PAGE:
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NMCOSC-Tulsa Assists with Hurricane Katrina Relief Efforts

Navy NewsStand

Story Number: NNS051012-07
Release Date: 10/12/2005 2:39:00 PM

By Journalist 2nd Class Melissa Mullin, Naval and Marine Corps Operational Support Center Tulsa Public Affairs

TULSA, Okla. (NNS) -- Reservists, full-time support personnel and active-duty personnel here joined civilians in assisting more than 1,100 Hurricane Katrina evacuees relocated to Camp Gruber near Braggs, Okla., in early September.

The immediate tasks for Navy and Marine Corps Operational Support Center (NMCOSC) Tulsa included coordinating delivery of hygiene and clothing supplies, establishing a medical triage, preparing mess hall facilities and open-bay barracks, and offering emotional support for these displaced Americans.

“Over Labor Day weekend, a humanitarian mission took hold of NMCOSC-Tulsa and the networking of various organizations resulted in the outpouring of Oklahoma generosity,” said Mary Hudson, NMCOSC-Tulsa ombudsman. “There were so many items donated that extra personnel were needed to assist.”

After picking up items from drop-off points in Tulsa and Broken Arrow, volunteers sorted, boxed, staged, loaded and transported piles of donated clothing, shoes, bedding, blankets, pillows, toys and pet food.

At Camp Gruber, the preparation continued.

“I spent the first night setting up the registration room, placing snacks and water at the entrance gate to Camp Gruber, and making sure all of the beds in the barracks had sheets, pillows and towels,” said Storekeeper 2nd Class Daryl Campbell. “The evacuees did not arrive until late the next evening. I met them and helped them with their belongings. Buses continued to arrive until 5 a.m. Sept. 4.”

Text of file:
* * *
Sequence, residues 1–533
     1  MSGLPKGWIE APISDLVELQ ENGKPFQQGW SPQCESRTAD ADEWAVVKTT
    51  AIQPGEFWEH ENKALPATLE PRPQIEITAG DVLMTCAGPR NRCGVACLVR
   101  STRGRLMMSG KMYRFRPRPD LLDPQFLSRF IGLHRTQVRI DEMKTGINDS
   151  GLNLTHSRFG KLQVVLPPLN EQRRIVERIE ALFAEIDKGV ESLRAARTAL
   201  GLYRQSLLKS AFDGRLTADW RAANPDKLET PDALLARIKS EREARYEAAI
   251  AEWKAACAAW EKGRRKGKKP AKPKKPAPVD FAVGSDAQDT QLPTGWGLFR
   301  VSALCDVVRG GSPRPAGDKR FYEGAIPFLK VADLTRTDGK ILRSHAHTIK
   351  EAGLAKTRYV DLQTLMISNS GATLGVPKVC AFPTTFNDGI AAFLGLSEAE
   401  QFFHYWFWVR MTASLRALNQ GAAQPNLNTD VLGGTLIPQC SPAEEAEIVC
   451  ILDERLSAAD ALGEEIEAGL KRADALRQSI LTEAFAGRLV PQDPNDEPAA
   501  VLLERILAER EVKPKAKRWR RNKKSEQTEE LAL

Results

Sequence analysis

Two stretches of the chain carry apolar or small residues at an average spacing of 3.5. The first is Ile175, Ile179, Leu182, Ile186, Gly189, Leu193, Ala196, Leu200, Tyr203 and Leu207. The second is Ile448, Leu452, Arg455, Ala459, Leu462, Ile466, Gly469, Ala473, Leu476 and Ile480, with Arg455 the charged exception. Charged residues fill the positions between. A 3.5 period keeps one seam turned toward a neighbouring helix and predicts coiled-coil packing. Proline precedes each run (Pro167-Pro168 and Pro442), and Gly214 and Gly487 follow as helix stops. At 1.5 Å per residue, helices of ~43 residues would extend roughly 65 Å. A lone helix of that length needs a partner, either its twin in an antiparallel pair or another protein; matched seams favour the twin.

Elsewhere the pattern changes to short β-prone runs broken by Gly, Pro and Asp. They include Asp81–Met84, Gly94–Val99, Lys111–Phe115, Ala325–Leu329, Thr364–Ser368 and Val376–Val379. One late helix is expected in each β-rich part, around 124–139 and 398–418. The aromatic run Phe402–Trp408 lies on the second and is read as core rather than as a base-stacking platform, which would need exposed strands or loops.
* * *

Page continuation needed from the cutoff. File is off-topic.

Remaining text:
The medical team also assisted in greeting evacuees at the buses and escorting them to the check-in point at Camp Gruber. Having completed Red Cross training, the medical team worked in civilian clothes as volunteers, stocking more than 1,000 bags of hygiene supplies, operating a mass immunization setup and organizing a pharmacy.

“We screened and immunized all Navy staff and over 40 Reservists who volunteered in support of Hurricane Katrina relief,” said Hospital Corpsman 2nd Class Marcia McKinney, a full-time support member at Tulsa.

In the medical triage section, the team conducted initial assessments on more than 1,100 evacuees. As part of the mass immunization evolution, they administered approximately 800 vaccines and conducted a barrack-to-barrack immunization drive to assist the elderly and the physically challenged.

“Over 25 percent of the evacuees had diabetic and/or high blood pressure issues, and 36 had to be transferred per EMS to local hospitals,” said McKinney. “Victims with Tuberculosis and Hepatitis were quarantined, and four recovering drug addicts were sent for evaluations by a psychologist on call. Several displaced children without parents and three rape victims were transferred to the Department of Human Services for care.”

In addition to donation gathering and medical assistance, mental health crisis intervention became a growing need, as well.

“I counseled evacuees who suffered a variety of symptoms due to the trauma experienced, helped identify those who were at risk of harming themselves or others, and walked evacuees through the process of figuring out a short-term plan for housing, schooling for children, jobs, etc.,” said Ship’s Serviceman 2nd Class Thomas Potter, who is a social worker and trained crisis responder.

With the closing of September and its unusually-intense heat, Camp Gruber lay once again empty, with the last of the evacuees having been moved by the Red Cross to hotels.

“People are starting their lives over and need the strength and courage to face the future ahead,” said Hudson. “If there is anything to be learned from this experience, it is that the kindness and caring from people like you and me make even the darkest times bearable.”



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